Brian "Krow" Aker (krow) wrote,
Brian "Krow" Aker
krow

Innovation Happens Elsewhere (often for good reasons), Open Source

I know Chris, so I can just imagine hearing his voice when I read his rant about shipping:


Who pays for what with what? Who is in charge? Who picks the content? Does anyone pick the content? Who can upload? What can they upload? When can they upload? How long will it take to transcode? Can a video be downloaded to iPod? Archos? Zune? Who will monitor the uploads?



This is one of the stronger reasons I believe open source will dominate long term. Was Bittorrent the product of endless meetings, fears of how to cripple the product? Marketing droids who picked up on ideas that they dreamed up from partially understood questions from customers?

Someone has an idea, and they just do it. Failed projects litter the landscape. Do a search on SourceForge or Freshmeat and you can see their remains (hell, look my own repository, some living, some quite dead). I've always thought that this was great, it means people tried something.

They just did it.

Its annoying to see pre-release announcements like Chris is talking about. Its done frequently because companies want to show that they are thinking about the future, or wanting to stake out a space.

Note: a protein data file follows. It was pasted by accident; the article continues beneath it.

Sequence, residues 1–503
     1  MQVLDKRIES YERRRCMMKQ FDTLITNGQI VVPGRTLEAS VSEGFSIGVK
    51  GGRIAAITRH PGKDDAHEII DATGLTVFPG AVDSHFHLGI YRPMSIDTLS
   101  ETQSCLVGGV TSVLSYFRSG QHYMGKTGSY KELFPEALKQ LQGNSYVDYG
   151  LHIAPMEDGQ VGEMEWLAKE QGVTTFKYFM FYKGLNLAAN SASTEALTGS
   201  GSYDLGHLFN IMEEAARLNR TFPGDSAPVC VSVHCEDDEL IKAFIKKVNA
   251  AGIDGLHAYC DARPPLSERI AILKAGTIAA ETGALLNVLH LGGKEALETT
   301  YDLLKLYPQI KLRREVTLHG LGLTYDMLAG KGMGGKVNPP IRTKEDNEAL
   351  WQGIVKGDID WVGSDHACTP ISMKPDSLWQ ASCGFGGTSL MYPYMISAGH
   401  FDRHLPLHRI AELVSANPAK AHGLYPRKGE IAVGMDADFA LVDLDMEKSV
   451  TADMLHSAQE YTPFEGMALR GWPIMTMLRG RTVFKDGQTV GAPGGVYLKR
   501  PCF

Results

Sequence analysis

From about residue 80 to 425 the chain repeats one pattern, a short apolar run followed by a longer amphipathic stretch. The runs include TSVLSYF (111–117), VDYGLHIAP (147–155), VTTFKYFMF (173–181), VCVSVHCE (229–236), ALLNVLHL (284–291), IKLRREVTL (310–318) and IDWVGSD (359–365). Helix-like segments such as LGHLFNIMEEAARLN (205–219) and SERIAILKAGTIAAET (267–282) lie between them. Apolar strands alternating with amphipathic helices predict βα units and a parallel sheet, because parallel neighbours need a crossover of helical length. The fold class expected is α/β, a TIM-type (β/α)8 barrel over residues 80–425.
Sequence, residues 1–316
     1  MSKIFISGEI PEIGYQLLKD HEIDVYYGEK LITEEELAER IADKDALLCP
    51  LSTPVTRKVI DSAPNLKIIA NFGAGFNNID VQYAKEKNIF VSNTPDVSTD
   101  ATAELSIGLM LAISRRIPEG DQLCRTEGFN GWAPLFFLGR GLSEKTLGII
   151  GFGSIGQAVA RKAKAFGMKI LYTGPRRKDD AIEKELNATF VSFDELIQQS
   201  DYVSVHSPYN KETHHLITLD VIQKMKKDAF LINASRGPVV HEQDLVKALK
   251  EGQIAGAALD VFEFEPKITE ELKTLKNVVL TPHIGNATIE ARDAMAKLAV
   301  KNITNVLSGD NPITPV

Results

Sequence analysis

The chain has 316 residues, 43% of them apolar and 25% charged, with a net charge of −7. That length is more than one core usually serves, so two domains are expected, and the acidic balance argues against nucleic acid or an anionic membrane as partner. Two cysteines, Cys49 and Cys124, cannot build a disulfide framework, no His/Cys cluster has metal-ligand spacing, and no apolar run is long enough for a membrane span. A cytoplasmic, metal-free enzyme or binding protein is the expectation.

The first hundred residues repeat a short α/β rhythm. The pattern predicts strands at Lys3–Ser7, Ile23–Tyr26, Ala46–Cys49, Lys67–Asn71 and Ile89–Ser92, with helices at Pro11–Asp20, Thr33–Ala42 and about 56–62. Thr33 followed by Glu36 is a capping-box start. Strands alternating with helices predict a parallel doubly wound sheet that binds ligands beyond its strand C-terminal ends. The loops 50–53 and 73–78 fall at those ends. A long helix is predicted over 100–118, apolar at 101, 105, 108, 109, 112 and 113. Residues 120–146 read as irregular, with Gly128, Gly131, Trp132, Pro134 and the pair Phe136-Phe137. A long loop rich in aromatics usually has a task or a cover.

Its interesting to put this into the context of Microsoft. There was a day and age when Microsoft would make an announcement like this, and companies would say "well, MS will own it, so lets find something else to do".

Microsoft'ss inability to to accomplish anything in the internet area has changed this percption.

No one really cares. They make an announcement, the press rights something up about it, and then we never hear about it again.

And for engineers who get an idea today? The cost of distribution is now approximately zero. They can take a risk, spend some time on an idea, and then throw it at the wall. If it sticks, then they have a hit.

And if it doesn't?

They learn something.

And what does it take to make this happen?

Deciding to do it.
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